President Donald Trump’s recent executive order, a travel ban, has stirred much controversy, sadness, and even anger. Recently, however, a new travel ban has been issued. This one, might not be too highly favored either. Simply put, if you don’t pay your taxes your passport will be denied or revoked.
The IRS was given leeway by congress nearly a year ago to do this through tax code Section 7345 which is labeled “Revocation or Denial of Passport in Case of Certain Tax Delinquencies.” The law was rejected at least once before in 2012 than in 2015, when Congress finally passed it, President Obama approved it.
The uses of this tax law isn’t just in case of criminal circumstances or even if there’s suspicion of fleeing the country. Basically, this is the IRS’s way of using the threat of limited travel to collect taxes from citizens.
A year after its approval by President Obama, the IRS disclosed details on the law on its website. The IRS will alert the State Department of anyone with delinquent taxes. The State Department in turn will revoke or deny a passport. Usually the State Department won’t approve a passport after receiving a certification from the IRS anyway.
The whole process has yet to begun. Now everyone is waiting to see how the IRS and State Department will begin the enforcement of this law. The IRS says that they won’t begin until sometime mid-2017 and people can stay posted for the exact date on their website.
As of now, this is current information for the IRS pertaining to what awaits those who have delinquent tax debt.
Seriously delinquent tax is when someone has more than $50,000 in tax debt. This includes any interest and penalties that were acquired. As a result, a federal tax lien or a levy will be issued.
The following are instances where tax debt isn’t big enough to be considered “serious” but isn’t taken lightly in any sense:
- Debt being paid in a timely manner under an installment with the IRS.
- Debt being paid in a manner accepted in a compromise with the IRS or a settlement entered into with the Department of Justice.
- A collection due process hearing has been requested for the collection of a debt or levy.
- When collection has been suspended because a request for innocent spouse relief under IRC Section 6015 has been made.
Yet before the State Department can deny a passport, the passport application that has been filed will be held for at least 90 days. This is so you get time to resolve any certification error or issues, make a full payment on any delinquent tax debt, and/or be entered into a satisfactory payment agreement with the IRS.
It’s also a fact that there is no grace period for any debt to be resolved before the State Department rescinds a passport. However, the IRS is required to notify anyone in writing if it certifies any debt it considers seriously delinquent to the State Department. The IRS has to notify anyone in writing when it decides to reverse any of the certifications. These letters will be sent to the consumers last known address.
A certification will be reversed for a few reasons. Usually the IRS alerts the State Department of a reversal when:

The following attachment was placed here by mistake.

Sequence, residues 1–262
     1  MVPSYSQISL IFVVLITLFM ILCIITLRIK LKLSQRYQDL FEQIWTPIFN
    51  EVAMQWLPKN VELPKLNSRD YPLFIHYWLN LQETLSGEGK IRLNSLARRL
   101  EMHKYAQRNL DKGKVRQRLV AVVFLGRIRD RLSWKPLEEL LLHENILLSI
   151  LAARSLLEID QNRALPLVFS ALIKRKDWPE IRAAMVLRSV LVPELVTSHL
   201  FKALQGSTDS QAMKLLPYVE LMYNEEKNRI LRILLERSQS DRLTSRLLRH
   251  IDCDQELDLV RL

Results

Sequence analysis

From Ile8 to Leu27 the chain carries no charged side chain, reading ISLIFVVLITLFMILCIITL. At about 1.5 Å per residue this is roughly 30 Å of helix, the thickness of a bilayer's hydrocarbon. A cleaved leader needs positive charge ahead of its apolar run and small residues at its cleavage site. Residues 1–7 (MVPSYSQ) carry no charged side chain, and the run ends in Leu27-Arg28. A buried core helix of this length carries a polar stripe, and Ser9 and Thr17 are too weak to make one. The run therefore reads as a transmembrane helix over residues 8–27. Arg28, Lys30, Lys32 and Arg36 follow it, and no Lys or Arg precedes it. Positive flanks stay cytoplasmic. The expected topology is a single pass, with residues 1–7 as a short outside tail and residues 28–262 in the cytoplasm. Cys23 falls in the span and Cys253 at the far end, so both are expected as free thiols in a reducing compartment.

- Tax debt has been fully satisfied or becomes legally unenforceable
- The debt is no longer considered seriously delinquent
- The certification is erroneous
Which if the certification is found to be erroneous, the IRS will send out a notification as soon as it can within. If the debt is satisfied, the IRS will send notice within thirty days. There are also cases when the IRS wont reverse the certification. For example, when a taxpayer makes a collection request during innocent spouse relief on debt that isn’t connected to the certification. Another time the IRS won’t take back the certification is when the debt is below $50,000.
However, if the IRS sent a certification of a taxpayer’s debt to the State Department, that taxpayer can file a suit with a U.S. Tax Court of a District Court to have the court decide if the certification was an error or the IRS didn’t reverse the decision when it was supposed to.
And if a taxpayer isn’t capable of satisfying the full debt amount owed, there’s the possibility making different arrangements in the form of installments payed to the IRS. These payment plans can help keep a U.S. passport as a form of compromise with the IRS. If there is any reason that allows for a taxpayer to completely disagree with the accusations, they have the option to contact the phone number on Notice CP 508C. However, if there was an expectation of a tax refund once taxes are filed, the IRS will put that money toward the debt.
As far as passports are concerned, to see if a passport has indeed been cancelled or rescinded its best to contact the State Department’s National Passport Information Center at 877-487-2778. There are cases where a passport is needed in order to retain a job. If that is the case and you have seriously delinquent debt its best to pay the amount in full, it’s a must, or make payment arrangements with the IRS.
If at any point after the enforcement of the law you find that your passport has been rescinded or denied, the IRS says it is a must that the debt you owe be paid in full. There are payment arrangement and often times when the certifications are simply error. Once the debt has been settled or the IRS alerts the State Department that the certification was erroneous